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Who were the “Hello Girls”?

This term is a nickname for women who served as U.S. Army Signal Corps Telephone Operators during World War I (1917-1918). They were the first American female service members who served in support of combat operations - our first women soldiers sent to fight.

What was their impact?

In addition to helping win the war, these women paved the way for future generations of female service members. Furthermore, the service of women in World War I helped convince the nation that women deserved the right to vote, and directly led to the passage of the 19th Amendment granting them that right.

What exactly did they do?

These women were sent overseas to run telephone switchboards in support of military operations (radios were still new, and other forms of communication were slow and unreliable). They were often in direct contact with front-line troops, coordinating infantry attacks and artillery barrages.

Was their work dangerous?

Yes! They regularly worked within enemy air raid and artillery range. On one occasion, a team continued to work while their building literally burned down around them. They were also exposed to disease – including the Flu Pandemic. Two women died while in service to their nation.

What happened to them after the war?

The Army disbanded the female telephone operator units and the women returned to civilian life. Soon, they discovered that they were not eligible for veteran recognition and benefits from the government.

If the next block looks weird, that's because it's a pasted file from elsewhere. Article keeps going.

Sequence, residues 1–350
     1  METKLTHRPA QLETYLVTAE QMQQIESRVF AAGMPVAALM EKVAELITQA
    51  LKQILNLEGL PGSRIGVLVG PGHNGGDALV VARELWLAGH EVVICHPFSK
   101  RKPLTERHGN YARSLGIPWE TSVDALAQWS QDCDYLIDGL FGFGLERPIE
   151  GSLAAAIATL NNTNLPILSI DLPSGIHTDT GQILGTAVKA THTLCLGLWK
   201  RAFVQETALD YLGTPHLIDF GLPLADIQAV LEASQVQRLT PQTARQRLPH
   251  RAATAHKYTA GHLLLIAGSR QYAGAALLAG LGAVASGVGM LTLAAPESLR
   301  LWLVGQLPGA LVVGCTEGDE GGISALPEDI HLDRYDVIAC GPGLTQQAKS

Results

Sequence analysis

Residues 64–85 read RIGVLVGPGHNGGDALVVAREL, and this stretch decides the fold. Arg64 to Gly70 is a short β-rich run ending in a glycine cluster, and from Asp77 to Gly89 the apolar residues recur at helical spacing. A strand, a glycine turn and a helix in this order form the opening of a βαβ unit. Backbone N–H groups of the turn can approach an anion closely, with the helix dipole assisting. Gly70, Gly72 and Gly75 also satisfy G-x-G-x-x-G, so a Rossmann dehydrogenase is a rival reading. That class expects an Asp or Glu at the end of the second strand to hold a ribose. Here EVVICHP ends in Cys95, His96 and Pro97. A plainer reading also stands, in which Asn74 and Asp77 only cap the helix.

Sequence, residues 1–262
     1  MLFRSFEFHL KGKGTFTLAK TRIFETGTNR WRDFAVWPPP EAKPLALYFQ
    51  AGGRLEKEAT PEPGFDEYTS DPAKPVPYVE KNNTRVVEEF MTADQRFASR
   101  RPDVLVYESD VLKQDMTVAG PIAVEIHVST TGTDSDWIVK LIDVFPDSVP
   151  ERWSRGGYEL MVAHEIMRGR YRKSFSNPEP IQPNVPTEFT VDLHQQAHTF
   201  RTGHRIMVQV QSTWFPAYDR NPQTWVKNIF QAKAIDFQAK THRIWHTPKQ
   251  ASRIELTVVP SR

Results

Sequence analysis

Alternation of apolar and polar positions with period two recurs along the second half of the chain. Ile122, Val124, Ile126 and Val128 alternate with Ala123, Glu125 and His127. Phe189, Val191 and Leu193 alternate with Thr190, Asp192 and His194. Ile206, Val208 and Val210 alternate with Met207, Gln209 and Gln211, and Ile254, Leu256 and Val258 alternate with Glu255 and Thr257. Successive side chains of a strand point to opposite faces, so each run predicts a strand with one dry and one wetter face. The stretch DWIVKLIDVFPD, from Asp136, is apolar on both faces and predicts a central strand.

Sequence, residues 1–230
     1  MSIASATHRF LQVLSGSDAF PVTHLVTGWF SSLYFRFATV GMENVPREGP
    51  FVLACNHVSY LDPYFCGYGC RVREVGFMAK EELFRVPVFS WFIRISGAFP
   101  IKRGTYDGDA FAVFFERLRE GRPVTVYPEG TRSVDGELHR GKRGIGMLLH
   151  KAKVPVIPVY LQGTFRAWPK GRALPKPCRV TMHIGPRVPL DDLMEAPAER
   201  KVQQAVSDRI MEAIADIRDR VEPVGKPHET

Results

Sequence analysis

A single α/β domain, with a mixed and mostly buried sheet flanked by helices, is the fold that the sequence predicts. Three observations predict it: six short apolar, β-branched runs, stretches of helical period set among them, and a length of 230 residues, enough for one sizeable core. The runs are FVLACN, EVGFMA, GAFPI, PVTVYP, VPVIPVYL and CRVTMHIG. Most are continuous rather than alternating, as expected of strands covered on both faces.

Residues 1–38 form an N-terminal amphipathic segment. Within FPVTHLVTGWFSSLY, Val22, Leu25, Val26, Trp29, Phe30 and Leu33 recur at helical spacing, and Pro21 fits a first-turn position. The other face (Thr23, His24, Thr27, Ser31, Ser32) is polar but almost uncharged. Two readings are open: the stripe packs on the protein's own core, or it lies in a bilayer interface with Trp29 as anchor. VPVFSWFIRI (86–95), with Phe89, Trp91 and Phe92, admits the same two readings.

Why were these women not recognized as veterans?

It is difficult to understand or explain. They were recruited into the Army Signal Corps, wore uniforms, took orders, and directly supported combat operations. They were officially recognized by battlefield commanders, including Commanding General John. J. Pershing. Perhaps the best answer is that after the war, the country simply wanted to move on.

How did they achieve recognition?

The operators and their supporters spent decades pursuing legal and legislative approaches, submitting over 50 different bills until Congress finally granted the women veteran status in 1977 - nearly six decades later.

Who is leading this Congressional Gold Medal effort?

Descendants of the women, with the World War I Centennial Commission, women veterans, and volunteers! The American Legion and the VFW have also endorsed this effort.

How is a Congressional Gold Medal awarded?

Two thirds (2/3) of both chambers must agree to co-sponsor this type of legislation. We are close to this threshold in the Senate; we need your help to secure the votes in the House!

What other military groups have received the Congressional Gold Medal?

For World War II, the Native American Code Talkers, Women Airforce Service Pilots, Chinese American veterans, 6888th Central Postal Directory Battalion and others have been recognized. For World War I, the 369th Harlem Hellfighters have been honored.

Why is it important to award the Medal now?

In September 2024, the National World War I Memorial will be dedicated in Washington D.C., making this year a fitting occasion to honor the women who helped win that war. Also, since 2024 is an election year, if the current bill to award the Hello Girls the Medal does not pass, the effort will have to start all over again next year.

Where can I learn more or get involved?

Visit HelloGirls.org!

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